David Hutchison | Jan 22, 2019 | 0
Another big Swede gives Predators record 13-feet of goalie
The bad news is they needed every inch after a crease collision forced 6-foot-5 starter Pekka Rinne to leave early. The good news is it’s hard to pick between Rinne and his even bigger backup, 6-foot-6 Swedish rookie Anders Lindback.
“If you came into the building and didn’t know which guy is Pekka Rinne, you wouldn’t be able to tell the difference,” long-time Nashville goalie coach Mitch Korn told InGoal Magazine on the eve of the game against Anaheim.
Korn joked before the game about “starting the smaller guy” after Lindback beat out Mark Dekanich to win the backup job left empty when Dan Ellis was allowed to leave for Tampa Bay as a free agent. That gave the Predators an inch less than 13 feet of goalie tandem this season, widely believed to be a league record.
“I just wish the nets were six feet high and four feet wide,” laughed Korn.
They didn’t need that adjustment Saturday. With his parents in the stands after coming from Sweden to help him get settled, Lindback stopped all seven shots in his surprise debut after Rinne was forced to leave 2:30 into the third period of a 4-1 win over Anaheim. Dekanich has since been called up from Milwaukee as Rinne stayed off the practice ice Monday, but the move was deemed precautionary because the Predators don’t have to play again until Wednesday and Thursday (Update: Lindback won both starts, stopping 55 of 60 shots).
Either way, Rinne and Lindback should be the tandem most of the season, and the only things more impressive than the sheer size of Nashville’s duo are the similarities between the two. It’s a heady comparable given Rinne’s rise from eighth round pick in 2004, to top NHL stopper with a 32-16-5 record with a 2.53 goals-against average, 91.1 save percentage and seven shutouts last season.
“He plays a little lower than Pekka,” Korn said. “A little more hunched over, a deeper crouch, especially on rushes and plays like that. The thing I like about Lindback and Pekka is they are both hard droppers [down into the butterfly] and I think you pick up time doing that, whether one or two frames on video, and it can be the difference between a puck getting through and not getting through.”
Lindback also catches a lot of pucks like Rinne. Both are also late draft picks, with Rinne going in the eighth round in 2204 and Lindback chosen in the seventh in 2008. Two years later he has leaped past Chet Pickard, taken 18th overall the same year, and Jeremy Smith, who was a second-round pick the year before.
In doing so, Lindback becomes one of three massive Swedes making a strong early impression in their first taste of the NHL, including 6-foot-6 Calgary backup Henrik Karlsson, and 6-foot-5 Eddie Lack, who turned heads in the Canucks camp.
“What are they feeding these guys over there?” asked Korn with another laugh.
In a perfect world Korn would prefer Lindback follow Rinne’s path to the NHL, which included three seasons in the American Hockey League. The 22-year-old Lindback may not need that kind of seasoning after spending the last two seasons in the Swedish Elite League, and the year before that in the second division, but there are lots of big adjustments to make between the two leagues.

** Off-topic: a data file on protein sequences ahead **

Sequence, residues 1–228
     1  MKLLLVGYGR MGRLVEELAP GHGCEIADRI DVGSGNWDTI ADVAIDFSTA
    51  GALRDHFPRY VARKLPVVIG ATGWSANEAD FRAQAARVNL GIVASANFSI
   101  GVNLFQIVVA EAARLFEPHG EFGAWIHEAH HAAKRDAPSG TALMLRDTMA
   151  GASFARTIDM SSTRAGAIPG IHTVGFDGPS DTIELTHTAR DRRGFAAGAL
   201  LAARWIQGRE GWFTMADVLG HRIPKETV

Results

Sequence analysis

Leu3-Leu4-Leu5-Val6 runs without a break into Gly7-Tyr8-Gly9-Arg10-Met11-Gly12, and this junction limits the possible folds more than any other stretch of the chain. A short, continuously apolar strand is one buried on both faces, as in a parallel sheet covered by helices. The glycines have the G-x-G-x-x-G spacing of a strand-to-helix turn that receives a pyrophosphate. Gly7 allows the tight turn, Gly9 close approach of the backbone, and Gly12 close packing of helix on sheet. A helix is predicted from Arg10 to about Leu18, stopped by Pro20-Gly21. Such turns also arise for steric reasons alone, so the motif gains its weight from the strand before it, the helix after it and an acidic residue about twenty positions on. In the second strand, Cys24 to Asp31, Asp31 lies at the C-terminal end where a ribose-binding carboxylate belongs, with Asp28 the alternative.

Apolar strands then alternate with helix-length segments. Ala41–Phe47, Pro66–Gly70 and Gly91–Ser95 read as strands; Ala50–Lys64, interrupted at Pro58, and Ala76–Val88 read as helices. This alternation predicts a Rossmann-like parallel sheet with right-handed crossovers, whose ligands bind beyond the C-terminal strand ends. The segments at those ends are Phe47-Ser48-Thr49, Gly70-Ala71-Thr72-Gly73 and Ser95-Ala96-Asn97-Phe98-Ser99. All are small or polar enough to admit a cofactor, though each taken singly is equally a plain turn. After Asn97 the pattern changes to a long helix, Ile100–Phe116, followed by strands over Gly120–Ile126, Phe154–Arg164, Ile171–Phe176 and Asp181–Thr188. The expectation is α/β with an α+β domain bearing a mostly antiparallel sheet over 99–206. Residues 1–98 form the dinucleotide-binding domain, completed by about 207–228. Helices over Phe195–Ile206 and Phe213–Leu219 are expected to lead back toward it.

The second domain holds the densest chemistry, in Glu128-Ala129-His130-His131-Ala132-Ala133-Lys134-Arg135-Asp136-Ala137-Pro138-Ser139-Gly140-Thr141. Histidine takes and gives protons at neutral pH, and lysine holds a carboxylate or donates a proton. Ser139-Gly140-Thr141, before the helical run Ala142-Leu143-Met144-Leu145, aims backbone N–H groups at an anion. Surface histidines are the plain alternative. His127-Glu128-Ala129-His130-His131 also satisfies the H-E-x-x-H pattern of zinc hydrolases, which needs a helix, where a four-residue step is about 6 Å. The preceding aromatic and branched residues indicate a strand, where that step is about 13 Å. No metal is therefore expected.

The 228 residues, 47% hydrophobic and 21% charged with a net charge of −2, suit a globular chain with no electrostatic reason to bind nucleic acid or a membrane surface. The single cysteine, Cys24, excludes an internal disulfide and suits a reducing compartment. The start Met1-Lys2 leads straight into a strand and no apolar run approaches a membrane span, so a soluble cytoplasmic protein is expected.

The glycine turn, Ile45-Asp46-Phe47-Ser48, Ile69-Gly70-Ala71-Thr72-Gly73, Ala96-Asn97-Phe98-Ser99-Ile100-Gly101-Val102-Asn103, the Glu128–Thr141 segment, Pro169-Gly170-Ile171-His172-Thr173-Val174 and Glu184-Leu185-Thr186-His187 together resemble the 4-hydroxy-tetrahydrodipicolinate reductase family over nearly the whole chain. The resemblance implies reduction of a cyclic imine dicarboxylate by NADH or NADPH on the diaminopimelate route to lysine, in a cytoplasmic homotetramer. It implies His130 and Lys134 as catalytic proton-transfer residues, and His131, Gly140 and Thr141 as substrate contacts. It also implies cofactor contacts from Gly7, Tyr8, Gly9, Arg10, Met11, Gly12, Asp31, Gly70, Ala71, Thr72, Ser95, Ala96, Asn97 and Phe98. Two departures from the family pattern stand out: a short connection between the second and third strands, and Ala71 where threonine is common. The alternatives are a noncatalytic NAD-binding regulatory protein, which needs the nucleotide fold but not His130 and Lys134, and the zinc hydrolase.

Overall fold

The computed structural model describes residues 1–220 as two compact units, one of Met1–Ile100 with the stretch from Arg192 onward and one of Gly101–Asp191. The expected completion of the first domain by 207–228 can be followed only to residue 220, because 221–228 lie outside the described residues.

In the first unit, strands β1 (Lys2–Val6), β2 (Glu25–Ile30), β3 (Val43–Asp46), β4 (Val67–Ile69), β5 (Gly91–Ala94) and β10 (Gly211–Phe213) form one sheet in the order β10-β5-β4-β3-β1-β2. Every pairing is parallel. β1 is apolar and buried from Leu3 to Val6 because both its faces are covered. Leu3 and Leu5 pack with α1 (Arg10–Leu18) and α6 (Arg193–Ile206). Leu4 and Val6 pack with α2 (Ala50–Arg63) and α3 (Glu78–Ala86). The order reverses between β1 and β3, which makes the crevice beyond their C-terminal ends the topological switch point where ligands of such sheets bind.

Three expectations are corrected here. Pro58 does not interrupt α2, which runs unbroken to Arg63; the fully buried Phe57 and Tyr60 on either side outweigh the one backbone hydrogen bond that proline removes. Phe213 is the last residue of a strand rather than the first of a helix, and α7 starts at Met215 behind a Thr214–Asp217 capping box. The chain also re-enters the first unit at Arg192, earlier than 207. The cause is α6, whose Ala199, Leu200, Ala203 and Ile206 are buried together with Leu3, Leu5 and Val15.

“Just to get up to speed with the puck handling, the traffic, rebound control, things that may not be high priority where he came from,” Korn said, noting the Predators can still send Lindback to the AHL for game action should the gaps between NHL starts get too long. “But I can tell you he’s gotten better every day. His learning curve is good, his goalie IQ is very good, and if you didn’t know, you would think he was more seasoned in North America than he is.”
Korn also remembers Finnish standout Niklas Backstrom waiting a month and a half for his first NHL start (he made two relief appearances before that) for the Minnesota Wild in 2006-07, and by the end of the season he was their No.1. Given how quickly Lindback has adjusted to the NHL game already, Korn sees no reason he can’t follow a similar learning curve, even though he’s only seen him at two summer conditioning camps before this year’s training camp.
They’ve had to coax the big Swede off his goal line a bit – hardly surprising given Korn’s preference for patience on the skate and the strong footwork that requires.
It can be seen in pupils like Tomas Vokoun, Chris Mason, Rinne and Ellis (though it’s interesting to note new Lightning goalie coach Frantz Jean told InGoal Magazine he is now trying to shorten up Ellis’s depth in Tampa Bay).
“He started pretty deep and we’ve had to pull him out a little bit, but his skating has improved,” Korn said. “He was more of a skuller, a heel pusher, so we have tried to improve that a little bit because I personally think it’s too slow, especially coming off your posts. This will get you a little more depth. I was concerned initially he didn’t get out very far and didn’t get much depth, but in games he’s really been smart at choosing depth. On rushes he’s been out there. One quick centring passes he’s been out there. On down low plays he’s been able to maintain his position pretty well. He’s made good decisions.”
In doing so, Lindback has shown he can adapt quickly to a North American style that features lots more traffic and shots from anywhere in a smaller rink. It’s a dramatic difference from the pass-first, shoot-almost-never style on the bigger European ice surfaces.
“He’s very aware of what’s happening around him and he’s been able to speed up everything because it happens very quickly here,” said Korn. “Guys put pucks in his feet off the wall that would never happen before. He used to have 15 feet behind the net and he’d let pucks go. Now he’s got 11 feet and he’s got to get them.”
It’s a big adjustment, no doubt. But if there’s one thing the Nashville Predators have lots of between the pipes this year, it’s “big.”
photo thanks to Kaatiya